The committee’s report suggests the changes needed, spread over the next 20-30 years, need not be onerous or disruptive to growth; indeed, they may present significant opportunities for new technologies and for the industries that exploit these opportunities.

Whether the world has 30 years, none of us knows. The U.N. says we could have just 12 years to effect change before we reach a point of no return; they may, like the BBC, be trying to promote a project fear agenda to effect change (we really don’t know).

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In the meantime enterprising firms have the opportunity to develop new products and services to meet what is already becoming a relentless process of change.

Every cloud has a silver lining.

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The London Metal Exchange today announced it is launching a formal consultation on proposed rules for “the application of responsible sourcing principles to all LME-listed brands.”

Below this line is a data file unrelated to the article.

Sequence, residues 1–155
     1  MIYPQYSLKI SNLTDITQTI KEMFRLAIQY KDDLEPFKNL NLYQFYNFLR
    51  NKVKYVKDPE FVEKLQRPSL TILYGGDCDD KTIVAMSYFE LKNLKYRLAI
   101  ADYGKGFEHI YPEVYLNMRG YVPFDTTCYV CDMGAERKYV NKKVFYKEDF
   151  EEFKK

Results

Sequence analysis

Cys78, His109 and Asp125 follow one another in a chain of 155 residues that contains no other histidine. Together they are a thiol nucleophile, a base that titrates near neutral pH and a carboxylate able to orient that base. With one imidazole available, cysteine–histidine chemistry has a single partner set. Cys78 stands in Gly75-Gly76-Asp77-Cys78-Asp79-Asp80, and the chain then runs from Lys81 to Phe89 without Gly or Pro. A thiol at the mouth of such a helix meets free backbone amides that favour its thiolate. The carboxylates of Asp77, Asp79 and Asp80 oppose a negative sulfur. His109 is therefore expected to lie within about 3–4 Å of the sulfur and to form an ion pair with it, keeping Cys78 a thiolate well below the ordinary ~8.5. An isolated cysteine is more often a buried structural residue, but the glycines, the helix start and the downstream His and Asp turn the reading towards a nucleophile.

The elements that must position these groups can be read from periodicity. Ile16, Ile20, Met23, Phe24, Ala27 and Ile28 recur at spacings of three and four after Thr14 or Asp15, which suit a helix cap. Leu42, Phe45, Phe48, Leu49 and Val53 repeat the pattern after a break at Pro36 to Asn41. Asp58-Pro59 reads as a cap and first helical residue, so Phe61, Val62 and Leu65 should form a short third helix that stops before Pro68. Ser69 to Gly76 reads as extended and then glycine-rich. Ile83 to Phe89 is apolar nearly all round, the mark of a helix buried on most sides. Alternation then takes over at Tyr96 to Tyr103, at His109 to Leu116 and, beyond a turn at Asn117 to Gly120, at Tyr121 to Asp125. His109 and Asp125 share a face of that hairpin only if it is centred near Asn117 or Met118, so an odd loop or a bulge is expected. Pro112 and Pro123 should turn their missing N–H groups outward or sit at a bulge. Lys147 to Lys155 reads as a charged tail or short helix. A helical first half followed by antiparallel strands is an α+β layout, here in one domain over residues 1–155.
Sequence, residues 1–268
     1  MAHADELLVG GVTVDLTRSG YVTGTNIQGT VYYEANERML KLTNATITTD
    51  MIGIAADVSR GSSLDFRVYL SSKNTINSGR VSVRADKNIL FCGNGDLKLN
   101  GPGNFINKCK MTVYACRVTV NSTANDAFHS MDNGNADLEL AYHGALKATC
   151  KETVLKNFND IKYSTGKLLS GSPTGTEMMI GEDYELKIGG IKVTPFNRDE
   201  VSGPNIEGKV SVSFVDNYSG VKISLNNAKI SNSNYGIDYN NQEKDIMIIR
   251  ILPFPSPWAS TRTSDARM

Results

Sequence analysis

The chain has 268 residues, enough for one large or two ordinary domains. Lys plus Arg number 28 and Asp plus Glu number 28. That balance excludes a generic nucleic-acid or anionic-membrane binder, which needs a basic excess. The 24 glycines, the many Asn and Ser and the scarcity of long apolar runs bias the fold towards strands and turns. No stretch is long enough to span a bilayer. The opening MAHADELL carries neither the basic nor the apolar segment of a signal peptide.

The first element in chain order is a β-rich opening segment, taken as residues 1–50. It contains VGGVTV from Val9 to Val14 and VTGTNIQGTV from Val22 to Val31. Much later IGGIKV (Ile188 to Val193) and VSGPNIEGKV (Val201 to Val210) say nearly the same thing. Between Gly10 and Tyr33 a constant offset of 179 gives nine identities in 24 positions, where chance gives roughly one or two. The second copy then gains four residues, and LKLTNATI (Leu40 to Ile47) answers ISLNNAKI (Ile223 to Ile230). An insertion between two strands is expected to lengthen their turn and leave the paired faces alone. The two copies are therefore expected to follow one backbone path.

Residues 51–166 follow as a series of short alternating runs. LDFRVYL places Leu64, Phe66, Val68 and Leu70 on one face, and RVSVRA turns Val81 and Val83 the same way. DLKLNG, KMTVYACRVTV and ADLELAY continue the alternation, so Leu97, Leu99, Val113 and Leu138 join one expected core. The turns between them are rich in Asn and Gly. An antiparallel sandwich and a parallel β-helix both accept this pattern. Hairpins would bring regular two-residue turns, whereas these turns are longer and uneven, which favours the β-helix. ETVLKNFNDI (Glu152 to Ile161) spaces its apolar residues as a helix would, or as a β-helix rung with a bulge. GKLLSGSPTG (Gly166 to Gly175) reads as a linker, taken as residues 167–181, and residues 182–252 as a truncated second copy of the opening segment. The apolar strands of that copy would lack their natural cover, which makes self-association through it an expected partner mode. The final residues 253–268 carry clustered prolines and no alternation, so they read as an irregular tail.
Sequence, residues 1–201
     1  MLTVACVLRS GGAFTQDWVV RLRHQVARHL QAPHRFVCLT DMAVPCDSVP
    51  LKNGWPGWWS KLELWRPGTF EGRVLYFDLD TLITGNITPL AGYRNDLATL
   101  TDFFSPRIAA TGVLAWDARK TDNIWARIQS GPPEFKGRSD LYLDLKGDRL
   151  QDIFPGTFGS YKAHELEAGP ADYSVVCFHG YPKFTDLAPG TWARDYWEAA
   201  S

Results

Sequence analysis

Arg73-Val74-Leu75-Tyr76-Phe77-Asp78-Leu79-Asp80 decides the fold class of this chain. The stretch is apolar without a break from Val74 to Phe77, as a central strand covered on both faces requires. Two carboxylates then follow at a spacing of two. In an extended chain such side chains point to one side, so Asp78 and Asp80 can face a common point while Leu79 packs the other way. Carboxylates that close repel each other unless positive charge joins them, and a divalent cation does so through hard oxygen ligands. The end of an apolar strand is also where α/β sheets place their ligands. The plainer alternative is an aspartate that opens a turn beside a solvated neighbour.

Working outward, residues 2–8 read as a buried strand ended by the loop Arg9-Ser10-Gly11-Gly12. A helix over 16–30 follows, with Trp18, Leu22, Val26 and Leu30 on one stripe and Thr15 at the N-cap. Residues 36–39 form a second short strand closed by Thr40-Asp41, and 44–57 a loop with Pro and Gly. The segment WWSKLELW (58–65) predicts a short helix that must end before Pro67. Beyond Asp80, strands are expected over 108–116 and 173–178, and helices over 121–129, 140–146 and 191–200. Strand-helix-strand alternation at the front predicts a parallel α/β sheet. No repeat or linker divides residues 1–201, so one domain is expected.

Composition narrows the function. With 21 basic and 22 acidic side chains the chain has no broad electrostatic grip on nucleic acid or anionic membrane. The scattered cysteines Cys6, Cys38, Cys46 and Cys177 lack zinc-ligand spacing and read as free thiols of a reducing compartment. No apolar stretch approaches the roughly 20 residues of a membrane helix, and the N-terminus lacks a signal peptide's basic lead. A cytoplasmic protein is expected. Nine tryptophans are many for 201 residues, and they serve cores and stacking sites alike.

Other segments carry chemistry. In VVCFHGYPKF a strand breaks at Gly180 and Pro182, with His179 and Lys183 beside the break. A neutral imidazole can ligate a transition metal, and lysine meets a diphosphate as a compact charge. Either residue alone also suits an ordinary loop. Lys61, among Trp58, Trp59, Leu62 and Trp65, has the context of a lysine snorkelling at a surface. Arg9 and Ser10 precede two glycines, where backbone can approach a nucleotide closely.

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“Our comprehensive market engagement exercise has revealed strong support for the LME taking action on this important topic,” LME CEO Matthew Chamberlain said. “The LME’s role is now to appropriately balance the differing views of market stakeholders when implementing our requirements – and we are pleased to have been able to do so in today’s proposals. For example, based on the constructive feedback of civil society organisations, we have enhanced our transparency requirements, and at the same time, we have respected the views of producers who have called for more achievable timelines and a clearly-defined reporting process.”

The proposed rules call for every LME-listed brand to undertake a Red Flag Assessment — which is based on guidance from the Organization for Economic Co-operation and Development (OECD) — by the end of 2020. Brands flagged for potential sourcing issues would then be classified as a “higher-focus brand” and will be audited by the end of 2022.